Students get schooled on queer sexual education

By Katie Sittig-Boyd
Staff Writer

pic of ppl at the sex ed thing
Photo: Health Education Department

On Tuesday, March 24, Carlye Atkinson ’11, BSN, RN, gave a talk on queer sexual education. An OB/GYN nurse at Fenway Health, Atkinson described her “favorite stuff” as “sexual health, OB/GYN, and trans health.”

Fenway Health is a local organization dedicated to the idea that “health care should be a right, not a privilege,” and serves the Fenway neighborhood, the LGBT+ community, and people living with HIV/AIDS, as well as individuals from the broader population.

Atkinson began the presentation by defining how sex is viewed, clinically speaking, describing that sexual acts vary from “deep kissing” to “full penetration,” and that different acts are associated with different sexual risks.

She then gave a thorough overview of sexually transmitted infections (STIs). “I always assume people know more about STIs than they do, so I’m going to take the full, well-rounded approach to this,” Atkinson said, describing the importance of understanding STI risk and prevention.

“Anybody can get an STI,” Atkinson said. “Women who have sex with women, men who have sex with men, men who have sex with women, trans folks, any matchup-you can get an STI.”

Fenway Health offers STI screening; the recommended time period between checks is three months, even for individuals who have not tested positive for any STIs.

STIs affect individuals regardless of sexuality or gender identity, and prevention is important for anyone who is sexually active. These include chlamydia, gonorrhea, trichomoniasis, herpes (HSV 1 and 2), syphilis, HPV, and HIV.

HIV/AIDS has historically had significant impact on the LGBT+ community, since the initial rates not only of infection but also of death were incredibly high. Early HIV infection often has no symptoms, but can be detected by frequent screenings.

Additionally, there are resources for HIV prevention, either pre- or post-exposure. Pre-exposure prophylaxis, or PrEP, can prevent HIV transmission among individuals who have tested positive or who have HIV+ partners.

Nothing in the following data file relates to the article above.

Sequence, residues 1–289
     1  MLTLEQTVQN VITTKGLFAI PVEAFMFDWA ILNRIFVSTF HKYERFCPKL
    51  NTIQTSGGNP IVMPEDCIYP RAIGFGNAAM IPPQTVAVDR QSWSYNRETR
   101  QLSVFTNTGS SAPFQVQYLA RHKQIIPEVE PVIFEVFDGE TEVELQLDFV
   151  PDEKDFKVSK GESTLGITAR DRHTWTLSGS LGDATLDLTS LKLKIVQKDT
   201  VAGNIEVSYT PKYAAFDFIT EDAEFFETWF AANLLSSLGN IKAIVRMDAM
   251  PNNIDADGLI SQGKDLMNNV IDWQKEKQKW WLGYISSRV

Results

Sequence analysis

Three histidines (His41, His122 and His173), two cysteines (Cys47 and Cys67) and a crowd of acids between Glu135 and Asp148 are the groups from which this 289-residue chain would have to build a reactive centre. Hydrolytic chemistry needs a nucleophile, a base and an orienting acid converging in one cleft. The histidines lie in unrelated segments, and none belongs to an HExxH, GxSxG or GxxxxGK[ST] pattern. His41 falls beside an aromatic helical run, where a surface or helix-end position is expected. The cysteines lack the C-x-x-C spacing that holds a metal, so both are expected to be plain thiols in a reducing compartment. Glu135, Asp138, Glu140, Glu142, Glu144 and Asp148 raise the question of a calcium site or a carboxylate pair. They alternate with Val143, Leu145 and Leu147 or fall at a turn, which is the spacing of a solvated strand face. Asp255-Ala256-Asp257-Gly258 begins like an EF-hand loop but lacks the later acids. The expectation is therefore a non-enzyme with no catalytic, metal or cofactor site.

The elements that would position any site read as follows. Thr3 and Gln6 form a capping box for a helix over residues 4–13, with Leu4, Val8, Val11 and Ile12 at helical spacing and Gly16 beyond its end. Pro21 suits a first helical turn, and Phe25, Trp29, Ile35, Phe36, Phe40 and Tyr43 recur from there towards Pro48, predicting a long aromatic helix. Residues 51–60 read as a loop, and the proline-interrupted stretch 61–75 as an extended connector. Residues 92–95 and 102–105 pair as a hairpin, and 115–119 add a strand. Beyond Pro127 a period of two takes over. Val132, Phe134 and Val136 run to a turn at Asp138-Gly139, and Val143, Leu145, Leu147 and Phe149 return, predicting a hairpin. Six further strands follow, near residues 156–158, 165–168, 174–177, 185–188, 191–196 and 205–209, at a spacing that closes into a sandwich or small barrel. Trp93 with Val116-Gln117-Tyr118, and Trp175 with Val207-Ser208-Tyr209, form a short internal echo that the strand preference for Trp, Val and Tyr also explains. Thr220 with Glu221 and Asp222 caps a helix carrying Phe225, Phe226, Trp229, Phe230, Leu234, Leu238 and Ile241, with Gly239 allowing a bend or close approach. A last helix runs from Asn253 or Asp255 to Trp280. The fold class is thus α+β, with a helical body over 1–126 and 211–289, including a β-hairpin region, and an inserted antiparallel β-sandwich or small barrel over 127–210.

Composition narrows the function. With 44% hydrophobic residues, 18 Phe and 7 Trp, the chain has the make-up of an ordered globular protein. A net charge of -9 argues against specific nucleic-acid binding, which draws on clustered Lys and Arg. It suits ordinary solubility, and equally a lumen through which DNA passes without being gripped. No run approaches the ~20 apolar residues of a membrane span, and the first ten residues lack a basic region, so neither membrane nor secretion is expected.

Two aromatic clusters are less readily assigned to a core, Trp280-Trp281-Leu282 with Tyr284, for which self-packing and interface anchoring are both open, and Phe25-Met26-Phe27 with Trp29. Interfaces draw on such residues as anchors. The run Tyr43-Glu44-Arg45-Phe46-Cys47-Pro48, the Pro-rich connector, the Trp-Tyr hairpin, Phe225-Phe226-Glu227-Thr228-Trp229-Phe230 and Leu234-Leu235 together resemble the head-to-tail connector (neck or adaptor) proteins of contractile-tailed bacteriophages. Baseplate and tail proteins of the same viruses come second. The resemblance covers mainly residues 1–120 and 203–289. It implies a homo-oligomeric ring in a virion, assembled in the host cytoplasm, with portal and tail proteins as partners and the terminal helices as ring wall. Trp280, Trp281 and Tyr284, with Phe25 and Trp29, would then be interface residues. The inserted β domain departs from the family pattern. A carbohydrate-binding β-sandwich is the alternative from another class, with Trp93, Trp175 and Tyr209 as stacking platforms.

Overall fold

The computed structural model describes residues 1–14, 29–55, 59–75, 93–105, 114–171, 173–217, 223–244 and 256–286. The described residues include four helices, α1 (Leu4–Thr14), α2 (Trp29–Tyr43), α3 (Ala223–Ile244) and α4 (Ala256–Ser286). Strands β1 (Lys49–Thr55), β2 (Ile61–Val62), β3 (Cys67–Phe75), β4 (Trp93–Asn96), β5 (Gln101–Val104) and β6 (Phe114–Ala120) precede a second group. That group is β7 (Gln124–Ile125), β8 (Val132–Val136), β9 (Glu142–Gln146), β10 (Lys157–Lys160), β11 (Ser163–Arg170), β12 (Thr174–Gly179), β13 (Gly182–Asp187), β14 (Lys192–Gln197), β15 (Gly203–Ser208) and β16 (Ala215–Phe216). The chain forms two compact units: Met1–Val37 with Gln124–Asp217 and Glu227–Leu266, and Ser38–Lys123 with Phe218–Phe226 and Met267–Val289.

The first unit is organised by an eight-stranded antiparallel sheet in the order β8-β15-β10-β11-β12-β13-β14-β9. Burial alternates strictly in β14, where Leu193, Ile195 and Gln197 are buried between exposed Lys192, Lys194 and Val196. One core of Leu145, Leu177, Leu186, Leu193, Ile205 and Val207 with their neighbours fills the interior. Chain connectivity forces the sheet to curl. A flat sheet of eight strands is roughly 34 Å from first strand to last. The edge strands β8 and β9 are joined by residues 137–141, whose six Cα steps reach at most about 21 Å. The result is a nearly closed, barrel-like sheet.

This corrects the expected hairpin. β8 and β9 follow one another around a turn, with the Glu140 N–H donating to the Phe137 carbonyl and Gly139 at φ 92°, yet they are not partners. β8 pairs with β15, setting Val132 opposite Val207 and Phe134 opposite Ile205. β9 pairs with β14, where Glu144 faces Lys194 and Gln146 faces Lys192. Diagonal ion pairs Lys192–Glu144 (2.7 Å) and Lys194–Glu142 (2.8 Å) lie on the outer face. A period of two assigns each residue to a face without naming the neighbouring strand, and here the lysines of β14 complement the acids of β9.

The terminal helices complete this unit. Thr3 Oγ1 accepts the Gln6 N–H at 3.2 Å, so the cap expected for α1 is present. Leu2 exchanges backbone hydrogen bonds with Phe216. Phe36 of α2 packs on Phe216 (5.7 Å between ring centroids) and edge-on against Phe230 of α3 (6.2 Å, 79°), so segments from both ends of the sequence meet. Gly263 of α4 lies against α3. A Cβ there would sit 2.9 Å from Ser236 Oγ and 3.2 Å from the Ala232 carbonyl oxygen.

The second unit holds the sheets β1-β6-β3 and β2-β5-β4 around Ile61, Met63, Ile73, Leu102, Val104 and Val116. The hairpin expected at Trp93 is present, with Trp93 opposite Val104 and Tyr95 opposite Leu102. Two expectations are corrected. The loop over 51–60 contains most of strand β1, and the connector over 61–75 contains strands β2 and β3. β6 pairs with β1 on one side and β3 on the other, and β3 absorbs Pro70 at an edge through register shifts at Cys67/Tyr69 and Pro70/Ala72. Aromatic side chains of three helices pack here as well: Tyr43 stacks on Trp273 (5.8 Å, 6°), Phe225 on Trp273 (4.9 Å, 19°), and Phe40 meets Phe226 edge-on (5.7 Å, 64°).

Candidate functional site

Post-exposure prophylaxis, or PEP, can be administered within 72 hours of suspected or known exposure to prevent HIV.

Atkinson then gave several guidelines for sexually active queer people, advising that everyone should know their STI status, protect themselves, communicate with their partner or partners, and understand and accept the risks of having sex.

“The thing is, when you start having sex, you have to understand that there are risks involved,” Atkinson said. “It’s generally not a fun conversation to have, but it’s always better to ask first, to talk about it first, before you’re in the moment–because talk about a buzzkill.”

She also advised that these conversations should take place without alcohol involved.

“Do what you can before you go out, so you have protection on hand,” Atkinson said.

Atkinson then discussed sex toy safety, noting that sex toys can spread STIs if not properly cared for. Silicone and other non-porous sex toys are the easiest to clean, which is especially helpful if they are shared, since there is some risk associated with sharing sex toys. Porous sex toys, Atkinson cautioned, should be reserved for personal use only, or covered in a condom before shared use.

Queer health is about more than sexual health, however, and Atkinson touched on several other LGBT+ health issues, including depression, suicide, homelessness, substance abuse, and risk of violence.

“It always comes down to homophobia, internalized homophobia, ignorance, and lack of support system,” Atkinson said. “When you’re feeling like you can’t come out to your family and your friends, you feel like you can’t be yourself.

“If you have queer friends and see them struggling in these ways, sometimes they need a friend to reach out and tell them that they see that struggle, that you can help them out,” Atkinson said.

Atkinson then discussed transgender health with regards to hormone treatment. There are sexual health consequences to receiving hormone replacement therapy (HRT).

For trans individuals receiving testosterone as part of HRT, these risks include uterine cancer and vaginal atrophy, among others. Trans individuals receiving estrogen may experience a decrease in libido, increased risk of type II diabetes, and have a higher likelihood of developing blood clots.

Atkinson also referenced several resources available for queer individuals, including the Fenway Health website (, the Trans Lifeline (, and The Network/La Red (